Just like with the IT workers, for all shortage occupations, the professional experience will count more when it comes to receiving a residence permit. Some apprenticeship certificates will be put on equal footing with university degrees in certain areas, including nursing and care.

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Many of the shortage occupations are in the tourism and gastronomy sectors, including cooks and waiters. The draft proposal addresses this demand by making it easier for seasonal workers to get an RWR permit. Those employed as seasonal for three years could become regular employees – if they get a job offer in the field. 

“No social dumping”

“Austria is a high-level country, with high safety and income. They want to maintain the high lifestyle level and try to keep out those that would need social assistance”, Epping explains. 

One of the ways this is done is by putting a high minimum income for workers that seek the permit. As a result, these workers need to find jobs that pay much more than the average salary, even for their own fields, which, in turn, reduces the incentive for companies to hire from abroad and keeps the positions open for longer than necessary.

READ ALSO: Explained: How to understand your payslip in Austria

The minimum salary will fall for graduates and be lower for certain professionals, including highly qualified academics. 

The changes will not reduce Austria’s quality of living and high salaries, Labour Minister Kocher reiterated, as “collective agreements must continue to be fulfilled”. There will be no social dumping, he explained. 

However, the de-bureaucratisation would bring in much-needed skilled workers and in a process that would be half as long as the current duration of two to three months, the ministers said.

You can check the full list of shortage occupations and the point system to get the permit here.

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Austria extends its short-term work system until the end of 2022

The Kurzarbeit system was limited until June; the Federal Government this Tuesday extended its validity.

Austria extends its short-term work system until the end of 2022

Austria’s short-term works scheme, the Kurzarbeit, which was set to expire by the end of June, was officially extended until the end of the year.

The scheme allows companies particularly affected by the coronavirus pandemic to ask for government assistance as long as they keep their workforce. Employees in Kurzarbeit work fewer hours and receive a fraction of their salary, paid by the scheme – up to 90 per cent, depending on their pay.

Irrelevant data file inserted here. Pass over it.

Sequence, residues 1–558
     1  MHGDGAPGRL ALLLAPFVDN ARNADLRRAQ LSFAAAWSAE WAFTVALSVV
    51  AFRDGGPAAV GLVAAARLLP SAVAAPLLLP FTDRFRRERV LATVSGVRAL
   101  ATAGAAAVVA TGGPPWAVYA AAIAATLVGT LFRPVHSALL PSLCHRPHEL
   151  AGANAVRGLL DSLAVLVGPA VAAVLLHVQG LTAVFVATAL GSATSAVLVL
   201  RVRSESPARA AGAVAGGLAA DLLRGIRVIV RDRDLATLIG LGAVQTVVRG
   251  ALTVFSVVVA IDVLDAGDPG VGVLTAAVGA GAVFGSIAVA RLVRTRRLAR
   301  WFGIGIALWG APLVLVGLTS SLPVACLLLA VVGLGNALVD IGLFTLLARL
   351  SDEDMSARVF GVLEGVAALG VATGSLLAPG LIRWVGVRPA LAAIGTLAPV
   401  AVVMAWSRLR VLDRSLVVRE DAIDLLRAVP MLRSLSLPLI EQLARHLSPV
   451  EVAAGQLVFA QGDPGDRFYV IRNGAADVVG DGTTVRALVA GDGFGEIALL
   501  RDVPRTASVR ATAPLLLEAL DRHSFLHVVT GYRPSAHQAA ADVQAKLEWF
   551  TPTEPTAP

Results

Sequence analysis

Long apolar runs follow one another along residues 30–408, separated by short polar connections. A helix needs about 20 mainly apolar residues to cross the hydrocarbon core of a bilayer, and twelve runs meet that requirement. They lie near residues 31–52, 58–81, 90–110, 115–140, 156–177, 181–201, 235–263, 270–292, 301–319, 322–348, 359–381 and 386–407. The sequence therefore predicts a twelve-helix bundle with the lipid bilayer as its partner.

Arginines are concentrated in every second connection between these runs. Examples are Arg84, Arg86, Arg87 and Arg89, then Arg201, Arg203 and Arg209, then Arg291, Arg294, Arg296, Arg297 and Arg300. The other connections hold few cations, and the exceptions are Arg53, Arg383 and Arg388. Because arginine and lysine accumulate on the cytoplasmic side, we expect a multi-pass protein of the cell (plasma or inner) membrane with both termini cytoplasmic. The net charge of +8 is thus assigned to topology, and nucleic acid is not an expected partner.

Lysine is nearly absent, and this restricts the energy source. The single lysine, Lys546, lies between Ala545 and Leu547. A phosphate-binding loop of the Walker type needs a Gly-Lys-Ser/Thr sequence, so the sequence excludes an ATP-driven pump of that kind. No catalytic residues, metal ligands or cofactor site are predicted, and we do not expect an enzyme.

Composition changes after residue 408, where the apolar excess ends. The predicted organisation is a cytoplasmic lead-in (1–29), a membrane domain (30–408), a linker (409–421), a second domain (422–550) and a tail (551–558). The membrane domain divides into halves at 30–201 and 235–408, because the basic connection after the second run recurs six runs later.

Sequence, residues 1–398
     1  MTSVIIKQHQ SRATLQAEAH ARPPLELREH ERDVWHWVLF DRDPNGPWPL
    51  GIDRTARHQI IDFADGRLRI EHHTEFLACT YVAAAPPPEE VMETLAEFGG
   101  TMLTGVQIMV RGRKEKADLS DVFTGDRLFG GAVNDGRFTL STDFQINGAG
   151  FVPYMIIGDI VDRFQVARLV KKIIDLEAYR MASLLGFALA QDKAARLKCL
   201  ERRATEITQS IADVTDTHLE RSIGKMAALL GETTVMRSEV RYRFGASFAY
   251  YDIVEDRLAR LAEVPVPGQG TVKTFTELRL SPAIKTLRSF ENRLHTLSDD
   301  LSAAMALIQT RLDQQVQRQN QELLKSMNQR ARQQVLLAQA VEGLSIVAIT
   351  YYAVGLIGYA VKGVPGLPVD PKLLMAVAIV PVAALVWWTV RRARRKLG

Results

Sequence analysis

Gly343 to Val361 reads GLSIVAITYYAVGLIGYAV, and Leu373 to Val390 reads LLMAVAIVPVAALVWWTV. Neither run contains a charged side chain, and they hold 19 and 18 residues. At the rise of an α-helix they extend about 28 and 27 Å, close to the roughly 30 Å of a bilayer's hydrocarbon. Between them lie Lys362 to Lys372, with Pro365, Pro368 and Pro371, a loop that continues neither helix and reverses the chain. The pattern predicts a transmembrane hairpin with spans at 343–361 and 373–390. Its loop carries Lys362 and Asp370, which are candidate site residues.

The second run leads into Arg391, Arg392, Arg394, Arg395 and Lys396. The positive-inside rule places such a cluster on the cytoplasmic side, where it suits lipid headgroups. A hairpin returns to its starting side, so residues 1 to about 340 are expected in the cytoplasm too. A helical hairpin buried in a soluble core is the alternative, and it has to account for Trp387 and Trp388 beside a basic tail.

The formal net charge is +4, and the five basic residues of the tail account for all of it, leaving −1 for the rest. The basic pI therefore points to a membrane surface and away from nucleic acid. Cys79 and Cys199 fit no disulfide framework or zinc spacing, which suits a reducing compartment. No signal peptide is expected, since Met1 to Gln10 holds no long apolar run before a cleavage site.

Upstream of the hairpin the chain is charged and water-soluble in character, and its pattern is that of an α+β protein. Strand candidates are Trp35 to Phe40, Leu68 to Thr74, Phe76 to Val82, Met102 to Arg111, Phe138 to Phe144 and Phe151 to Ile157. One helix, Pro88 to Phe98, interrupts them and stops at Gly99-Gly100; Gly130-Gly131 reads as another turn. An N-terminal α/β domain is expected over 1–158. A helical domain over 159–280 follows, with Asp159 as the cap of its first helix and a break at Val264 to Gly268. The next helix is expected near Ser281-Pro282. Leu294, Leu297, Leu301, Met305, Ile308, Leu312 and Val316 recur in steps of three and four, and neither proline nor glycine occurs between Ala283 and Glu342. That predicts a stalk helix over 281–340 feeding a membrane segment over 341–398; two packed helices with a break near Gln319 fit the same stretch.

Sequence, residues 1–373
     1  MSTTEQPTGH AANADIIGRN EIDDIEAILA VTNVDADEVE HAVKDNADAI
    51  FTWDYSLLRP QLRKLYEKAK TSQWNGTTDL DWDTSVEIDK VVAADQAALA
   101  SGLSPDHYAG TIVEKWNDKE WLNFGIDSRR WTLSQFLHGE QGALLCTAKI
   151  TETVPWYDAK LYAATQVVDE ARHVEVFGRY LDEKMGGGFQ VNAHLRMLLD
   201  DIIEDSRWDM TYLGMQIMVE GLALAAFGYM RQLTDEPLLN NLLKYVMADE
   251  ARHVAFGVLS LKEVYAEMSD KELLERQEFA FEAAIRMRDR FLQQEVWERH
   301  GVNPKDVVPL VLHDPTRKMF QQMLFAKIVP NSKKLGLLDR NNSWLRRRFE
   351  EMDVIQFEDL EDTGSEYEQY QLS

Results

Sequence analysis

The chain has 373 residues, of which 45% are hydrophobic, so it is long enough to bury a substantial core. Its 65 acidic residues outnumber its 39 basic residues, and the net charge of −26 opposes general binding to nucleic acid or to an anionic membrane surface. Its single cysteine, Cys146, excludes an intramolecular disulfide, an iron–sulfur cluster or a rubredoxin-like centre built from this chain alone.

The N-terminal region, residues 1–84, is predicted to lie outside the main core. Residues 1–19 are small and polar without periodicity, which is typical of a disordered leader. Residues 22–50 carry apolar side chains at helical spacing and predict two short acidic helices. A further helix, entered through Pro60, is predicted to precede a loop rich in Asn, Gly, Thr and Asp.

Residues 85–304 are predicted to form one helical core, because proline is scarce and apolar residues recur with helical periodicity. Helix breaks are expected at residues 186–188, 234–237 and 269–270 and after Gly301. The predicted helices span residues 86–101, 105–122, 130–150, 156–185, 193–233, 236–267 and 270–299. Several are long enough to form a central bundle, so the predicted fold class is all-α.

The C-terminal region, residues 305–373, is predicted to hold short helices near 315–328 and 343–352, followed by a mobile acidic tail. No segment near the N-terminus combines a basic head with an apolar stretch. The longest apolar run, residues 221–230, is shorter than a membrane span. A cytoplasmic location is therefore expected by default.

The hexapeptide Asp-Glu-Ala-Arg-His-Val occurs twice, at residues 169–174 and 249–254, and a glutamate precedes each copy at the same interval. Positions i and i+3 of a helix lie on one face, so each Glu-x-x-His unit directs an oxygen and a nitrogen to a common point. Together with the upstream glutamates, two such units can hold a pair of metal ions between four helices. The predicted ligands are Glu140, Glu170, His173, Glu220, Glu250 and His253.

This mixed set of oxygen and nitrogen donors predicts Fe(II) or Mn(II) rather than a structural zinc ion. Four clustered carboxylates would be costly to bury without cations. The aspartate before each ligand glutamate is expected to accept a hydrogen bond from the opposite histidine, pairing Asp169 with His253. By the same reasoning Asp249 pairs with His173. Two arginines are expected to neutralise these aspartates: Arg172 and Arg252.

Discussions are still ongoing between the trade union and the Chamber of Commerce on the details of the short-time work extension, broadcaster ORF reported.

Employers want the government to increase the percentage of the salary paid to workers, asking all employees receive a 90 per cent net replacement for wages. Workers with higher salaries could receive as little as 70 per cent of their wages from the scheme, leading to a significant loss of income.

READ MORE: EXPLAINED: How to get your €500 Kurzarbeit bonus in Austria

Austria’s Labour Minister Martin Kocher said that the extension was only possible after “significant compromises” and that the system will only exist in very specific cases in the future. He didn’t give further details, though.

One of the reasons for the extension, ORF reports, was to cushion the economic consequences of the Ukraine war.

Kurzarbeit and unemployment rates

April 2020 saw the highest number of people, more than one million, on the scheme. Around 53,000 people were still pre-registered for short-time work at the beginning of the week. From March 2020 to the end of March 2022, government spending on coronavirus short-time labour amounted to € 9.56 billion.

READ ALSO: Six official websites to know if you’re planning to work in Austria

At the same time, the domestic labour market has seen a decrease in unemployment, even with the slowdown due to the war in Ukraine and soaring energy prices.

Compared to just one week ago, 4,216 fewer people were unemployed. Currently, 324,977 people are registered with the Public Employment Service Austria (AMS) as unemployed or in training. 251,633 of them are looking for a job, and 73,344 are in training measures of the AMS.